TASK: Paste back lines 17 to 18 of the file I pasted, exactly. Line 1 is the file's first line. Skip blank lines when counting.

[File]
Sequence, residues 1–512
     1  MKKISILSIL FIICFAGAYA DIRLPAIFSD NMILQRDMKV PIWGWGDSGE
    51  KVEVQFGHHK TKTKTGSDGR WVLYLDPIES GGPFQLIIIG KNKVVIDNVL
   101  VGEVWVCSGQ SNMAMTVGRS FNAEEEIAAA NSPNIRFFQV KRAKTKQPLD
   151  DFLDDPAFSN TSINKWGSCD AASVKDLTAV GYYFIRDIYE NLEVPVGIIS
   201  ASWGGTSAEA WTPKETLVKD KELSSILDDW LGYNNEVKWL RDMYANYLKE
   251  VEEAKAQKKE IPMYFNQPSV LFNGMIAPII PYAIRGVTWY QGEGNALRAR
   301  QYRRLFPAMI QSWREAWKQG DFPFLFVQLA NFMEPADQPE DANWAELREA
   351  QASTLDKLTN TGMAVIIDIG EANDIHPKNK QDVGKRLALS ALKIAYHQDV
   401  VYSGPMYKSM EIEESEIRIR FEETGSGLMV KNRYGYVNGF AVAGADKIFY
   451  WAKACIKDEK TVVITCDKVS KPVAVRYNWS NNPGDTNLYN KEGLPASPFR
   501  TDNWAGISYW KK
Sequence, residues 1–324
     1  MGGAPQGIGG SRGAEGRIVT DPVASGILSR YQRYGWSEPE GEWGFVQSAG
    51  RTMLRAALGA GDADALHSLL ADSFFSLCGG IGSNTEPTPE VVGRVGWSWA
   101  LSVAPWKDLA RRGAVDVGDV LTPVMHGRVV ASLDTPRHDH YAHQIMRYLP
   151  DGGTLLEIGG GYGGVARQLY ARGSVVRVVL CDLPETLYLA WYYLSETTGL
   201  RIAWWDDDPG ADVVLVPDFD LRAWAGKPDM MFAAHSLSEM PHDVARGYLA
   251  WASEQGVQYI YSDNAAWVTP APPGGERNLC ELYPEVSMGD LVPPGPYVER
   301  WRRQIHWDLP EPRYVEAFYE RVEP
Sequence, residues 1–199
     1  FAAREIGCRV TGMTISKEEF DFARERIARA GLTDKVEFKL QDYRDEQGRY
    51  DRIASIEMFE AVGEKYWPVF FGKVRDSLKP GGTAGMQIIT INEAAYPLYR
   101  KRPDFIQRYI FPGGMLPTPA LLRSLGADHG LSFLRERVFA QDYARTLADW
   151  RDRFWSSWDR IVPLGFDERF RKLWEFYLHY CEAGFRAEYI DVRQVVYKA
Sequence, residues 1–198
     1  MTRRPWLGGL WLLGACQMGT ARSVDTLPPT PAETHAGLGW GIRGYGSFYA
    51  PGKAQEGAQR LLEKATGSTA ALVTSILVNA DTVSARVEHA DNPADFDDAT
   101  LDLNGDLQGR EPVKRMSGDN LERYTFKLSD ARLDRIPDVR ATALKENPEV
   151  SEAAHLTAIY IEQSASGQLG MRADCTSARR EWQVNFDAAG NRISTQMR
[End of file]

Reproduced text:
   151  DGGTLLEIGG GYGGVARQLY ARGSVVRVVL CDLPETLYLA WYYLSETTGL
   201  RIAWWDDDPG ADVVLVPDFD LRAWAGKPDM MFAAHSLSEM PHDVARGYLA